Or Tofu, as they say in HK / West. With chick peas, Shiitake mushrooms, chili oil and SiChuan peppercorns ... Chili oil ... Wil Yeung : Ingredients: 4 dried shiitake mushrooms 2 1/2 cups water 3 sticks green onion 1 cup canned chickpeas 1lb soft or medium firm tofu 2 pieces garlic 1 small piece ginger 1-2 tsp Sichuan peppercorns (or black peppercorns) 3 tbsp chili oil (https://youtu.be/DUDKIcYltZA) 1 tsp chili powder 2 tbsp doubanjiang (Chinese broad bean chili paste) 1 tsp cane sugar 1 tbsp soy sauce splash of rice vinegar 1 tbsp potato starch + 1 tbsp water Directions: 1. Place the dried shiitake mushrooms in a small saucepan and add in the water. Cover and bring to a boil 2. Chop the green onion. Roughly crush the chickpeas with a fork 3. When the water comes to a boil, simmer on medium for 10min 4. Drain out the tofu and carefully slice into cubes 5. Pour out and reserve the mushroom water. Cool down the mushrooms with cold water and squeeze out the liquid. Then, remove the stalks from the mushrooms and finely dice 6. Finely chop the garlic and ginger 7. Heat up a sauté pan to medium heat. Toast the peppercorns for 1min. Then, grind down the peppercorn in a pestle and mortar 8. Place the pan back onto medium heat. Add the chili oil 9. Sauté the chickpeas and mushrooms for 1-2min. Add the garlic and ginger and sauté for another minute 10. Add in the chili powder, crushed peppercorn, and the doubanjiang. Give the pan a good stir, then add in the reserved mushroom water 11. Add in the cane sugar, soy sauce, and rice vinegar. Give the pan a stir 12. Make a slurry by combining the potato starch with 1 tbsp water 13. Slowly pour in the slurry while stirring 14. Add in the tofu and gently stir around them 15. Plate and garnish with the chopped green onion Bonus film - vegan Dan Dan Mian (noodles) ... Ingredients: 4 broccolini 1 large piece garlic small piece ginger 2 sticks green onion 1/2 cup canned chickpeas small bunch canned bamboo 2 tbsp white sesame paste (or tahini) 3 tbsp soy sauce 3 tbsp chili oil (https://youtu.be/DUDKIcYltZA) 1 portion Chinese wheat noodles or udon 1/2 tbsp Sichuan peppercorn drizzle of grapeseed oil 1 tsp liquid smoke 2-3 tbsp crushed roasted peanuts 1 tbsp white sesame seeds Directions: 1. Chop the broccolini into bit sized pieces. Finely chop the garlic and ginger. Chop the green onion separating the white part from the green 2. Roughly mash the chickpeas in a small bowl with a fork. Slice the canned bamboo 3. Bring a small pot of water to boil for the noodles 4. Make the sauce by combining the sesame paste, 2 tbsp soy sauce, chili oil, and the green part of the green onions 5. Boil the noodles to package instructions 6. Heat up a sauté pan on medium heat and toast the peppercorns for 45sec 7. Crush the peppercorns in a pestle and mortar. Place the pan back on the heat and drizzle some grapeseed oil 8. Add the garlic, ginger, and green onion 9. Add the broccolini and sauté for 3-4min 10. Add the chickpeas, bamboo, and liquid smoke. Sauté for 4min 11. Add the crushed peppercorns and 1 tbsp soy sauce. Give it a good stir, then turn off the heat. When the noodles are cooked, strain out the water 12. Pour the prepped sauce into the serving bowl 13. Add the noodles into the sauce and top with the sautéed veggies 14. Top with the crushed peanuts and sesame seeds ORDER YOUR SIGNED VEGAN RAMEN COOKBOOK + GET YOUR FREE E-BOOK + TAKE YOUR VEGAN SUSHI MASTERCLASS HERE: https://www.yeungmancooking.com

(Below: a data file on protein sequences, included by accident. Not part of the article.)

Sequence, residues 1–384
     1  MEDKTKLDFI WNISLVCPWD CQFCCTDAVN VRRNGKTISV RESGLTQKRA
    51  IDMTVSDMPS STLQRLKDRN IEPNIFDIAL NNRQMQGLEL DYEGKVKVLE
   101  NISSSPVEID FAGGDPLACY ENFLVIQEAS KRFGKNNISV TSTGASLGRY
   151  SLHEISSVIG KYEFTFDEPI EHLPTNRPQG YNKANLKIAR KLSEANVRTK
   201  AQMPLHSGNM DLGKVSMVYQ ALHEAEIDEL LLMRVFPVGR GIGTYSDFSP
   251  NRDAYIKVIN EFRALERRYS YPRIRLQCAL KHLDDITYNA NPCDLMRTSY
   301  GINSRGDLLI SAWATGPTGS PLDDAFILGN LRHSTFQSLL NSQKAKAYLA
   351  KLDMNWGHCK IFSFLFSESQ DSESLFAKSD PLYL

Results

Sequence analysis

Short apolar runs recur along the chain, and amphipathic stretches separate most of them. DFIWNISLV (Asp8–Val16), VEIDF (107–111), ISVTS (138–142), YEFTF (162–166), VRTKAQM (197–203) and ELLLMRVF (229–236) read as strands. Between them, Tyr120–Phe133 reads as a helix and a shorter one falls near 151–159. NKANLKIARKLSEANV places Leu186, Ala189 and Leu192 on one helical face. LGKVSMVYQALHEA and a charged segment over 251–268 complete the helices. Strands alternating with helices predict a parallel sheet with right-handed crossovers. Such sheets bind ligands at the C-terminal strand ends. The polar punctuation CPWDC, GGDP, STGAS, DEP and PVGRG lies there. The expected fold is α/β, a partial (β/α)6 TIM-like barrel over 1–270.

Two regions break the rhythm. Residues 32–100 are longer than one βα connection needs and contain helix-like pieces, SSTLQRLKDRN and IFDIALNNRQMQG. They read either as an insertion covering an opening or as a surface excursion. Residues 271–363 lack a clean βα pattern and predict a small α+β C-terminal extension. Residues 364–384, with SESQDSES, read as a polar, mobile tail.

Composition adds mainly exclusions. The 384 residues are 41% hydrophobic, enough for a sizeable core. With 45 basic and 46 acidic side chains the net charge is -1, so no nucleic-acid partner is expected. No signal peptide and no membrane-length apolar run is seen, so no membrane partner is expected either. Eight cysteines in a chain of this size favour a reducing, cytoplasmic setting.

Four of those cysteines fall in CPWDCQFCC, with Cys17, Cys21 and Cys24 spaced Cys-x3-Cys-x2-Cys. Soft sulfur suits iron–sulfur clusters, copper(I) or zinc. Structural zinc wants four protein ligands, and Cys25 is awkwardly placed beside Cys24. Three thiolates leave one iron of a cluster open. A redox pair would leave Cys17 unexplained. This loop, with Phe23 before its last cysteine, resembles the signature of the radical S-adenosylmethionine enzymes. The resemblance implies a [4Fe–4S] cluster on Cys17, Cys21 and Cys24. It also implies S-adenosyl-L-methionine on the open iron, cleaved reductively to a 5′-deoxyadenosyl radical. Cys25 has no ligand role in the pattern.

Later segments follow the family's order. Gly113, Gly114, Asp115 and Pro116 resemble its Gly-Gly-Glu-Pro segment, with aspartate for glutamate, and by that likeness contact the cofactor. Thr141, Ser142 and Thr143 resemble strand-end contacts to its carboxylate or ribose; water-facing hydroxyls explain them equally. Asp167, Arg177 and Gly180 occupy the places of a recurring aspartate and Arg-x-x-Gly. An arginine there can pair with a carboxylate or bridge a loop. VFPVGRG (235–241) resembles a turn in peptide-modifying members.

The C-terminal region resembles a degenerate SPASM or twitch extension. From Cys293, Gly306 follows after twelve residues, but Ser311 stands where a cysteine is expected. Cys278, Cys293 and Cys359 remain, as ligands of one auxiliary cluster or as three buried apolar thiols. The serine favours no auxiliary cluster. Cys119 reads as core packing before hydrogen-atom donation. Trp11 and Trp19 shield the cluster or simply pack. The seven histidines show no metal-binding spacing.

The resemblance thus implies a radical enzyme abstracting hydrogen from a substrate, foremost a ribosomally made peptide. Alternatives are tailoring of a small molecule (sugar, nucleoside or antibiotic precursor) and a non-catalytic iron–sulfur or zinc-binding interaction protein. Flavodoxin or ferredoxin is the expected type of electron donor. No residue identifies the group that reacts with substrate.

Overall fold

The extraordinarily beautiful ShiLin 石林 Stone Forest Geological Park